Exploring a Cognitive Basis for Learning Spatial Relationships with Augmented Reality
Brett E. Shelton and Nicholas R. Hedley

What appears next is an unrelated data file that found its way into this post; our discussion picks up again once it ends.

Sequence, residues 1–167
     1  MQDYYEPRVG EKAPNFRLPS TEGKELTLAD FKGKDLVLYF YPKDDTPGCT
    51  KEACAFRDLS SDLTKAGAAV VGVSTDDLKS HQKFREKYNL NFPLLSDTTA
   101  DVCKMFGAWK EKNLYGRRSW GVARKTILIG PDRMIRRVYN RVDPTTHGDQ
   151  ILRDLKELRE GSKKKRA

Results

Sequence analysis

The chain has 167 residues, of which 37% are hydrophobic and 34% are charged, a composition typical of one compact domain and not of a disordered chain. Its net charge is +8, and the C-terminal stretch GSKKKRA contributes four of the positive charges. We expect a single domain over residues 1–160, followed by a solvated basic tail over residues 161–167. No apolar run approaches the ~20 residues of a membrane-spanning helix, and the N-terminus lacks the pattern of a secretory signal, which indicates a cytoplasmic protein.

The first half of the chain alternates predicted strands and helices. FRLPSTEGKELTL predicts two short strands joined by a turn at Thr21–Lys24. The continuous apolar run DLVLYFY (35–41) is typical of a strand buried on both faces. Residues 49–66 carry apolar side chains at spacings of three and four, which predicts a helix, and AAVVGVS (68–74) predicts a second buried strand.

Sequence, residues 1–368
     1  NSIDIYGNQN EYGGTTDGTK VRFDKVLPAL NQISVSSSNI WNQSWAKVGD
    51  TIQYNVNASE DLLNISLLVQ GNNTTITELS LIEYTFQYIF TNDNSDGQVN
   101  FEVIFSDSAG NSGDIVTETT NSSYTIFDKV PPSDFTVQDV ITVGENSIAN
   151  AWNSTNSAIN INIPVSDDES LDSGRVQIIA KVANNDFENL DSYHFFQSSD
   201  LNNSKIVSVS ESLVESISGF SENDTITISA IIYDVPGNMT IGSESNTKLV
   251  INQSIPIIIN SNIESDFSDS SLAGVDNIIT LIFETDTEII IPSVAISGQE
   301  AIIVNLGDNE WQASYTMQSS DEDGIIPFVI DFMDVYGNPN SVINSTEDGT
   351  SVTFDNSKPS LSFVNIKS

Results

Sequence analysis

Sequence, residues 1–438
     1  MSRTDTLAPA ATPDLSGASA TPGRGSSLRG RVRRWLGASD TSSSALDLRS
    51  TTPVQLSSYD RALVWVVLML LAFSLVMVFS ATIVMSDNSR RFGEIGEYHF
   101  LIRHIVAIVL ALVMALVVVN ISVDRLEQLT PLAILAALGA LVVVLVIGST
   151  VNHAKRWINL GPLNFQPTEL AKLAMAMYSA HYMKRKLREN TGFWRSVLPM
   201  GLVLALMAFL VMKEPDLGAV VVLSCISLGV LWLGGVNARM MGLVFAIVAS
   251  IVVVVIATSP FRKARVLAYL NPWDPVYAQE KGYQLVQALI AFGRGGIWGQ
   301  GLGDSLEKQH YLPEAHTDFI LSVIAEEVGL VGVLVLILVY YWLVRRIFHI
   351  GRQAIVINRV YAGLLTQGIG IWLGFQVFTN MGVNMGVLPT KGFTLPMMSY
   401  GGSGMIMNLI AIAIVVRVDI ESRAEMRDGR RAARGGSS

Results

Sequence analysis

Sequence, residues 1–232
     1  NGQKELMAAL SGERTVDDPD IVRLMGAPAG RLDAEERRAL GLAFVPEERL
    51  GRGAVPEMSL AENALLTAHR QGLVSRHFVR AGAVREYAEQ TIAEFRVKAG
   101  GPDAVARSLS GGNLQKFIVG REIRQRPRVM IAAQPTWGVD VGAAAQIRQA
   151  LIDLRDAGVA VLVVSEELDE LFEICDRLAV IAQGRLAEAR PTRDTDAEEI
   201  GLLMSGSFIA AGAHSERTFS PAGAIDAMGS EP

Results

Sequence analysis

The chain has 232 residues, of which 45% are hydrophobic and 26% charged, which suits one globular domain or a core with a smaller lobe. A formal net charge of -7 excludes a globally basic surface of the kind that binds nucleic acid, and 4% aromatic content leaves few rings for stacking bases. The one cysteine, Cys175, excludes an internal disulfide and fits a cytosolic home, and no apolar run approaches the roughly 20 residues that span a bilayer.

Augmented reality (AR) is an emergent class of interface that presents compelling possibilities for advancing spatial visualization. We offer a brief overview of AR technology and current research with in the educational realm. AR interfaces appear to provide a unique combination of visual display properties, modes of user manipulation, and interaction with spatial information. Drawing upon aspects of proprioception and sensorimotor function, we discuss how AR may have a unique and powerful link to spatial knowledge acquisition through visuo-motor involvement in the processing of information. We identify key properties of AR interfaces and how they differ from conventional visualization interfaces, followed by a discussion of theoretical perspectives that make a case for learning spatial relationships using first person manipulative AR.Recent research provides evidence that this form of AR holds cognitive advantages for learning when compared with traditional desktop 2D interfaces. We review the visual-physical connections to learning using first person manipulative AR within educational contexts. We then provide some suggestions for building future research in this area and explore its significance in the realm of spatial knowledge acquisition.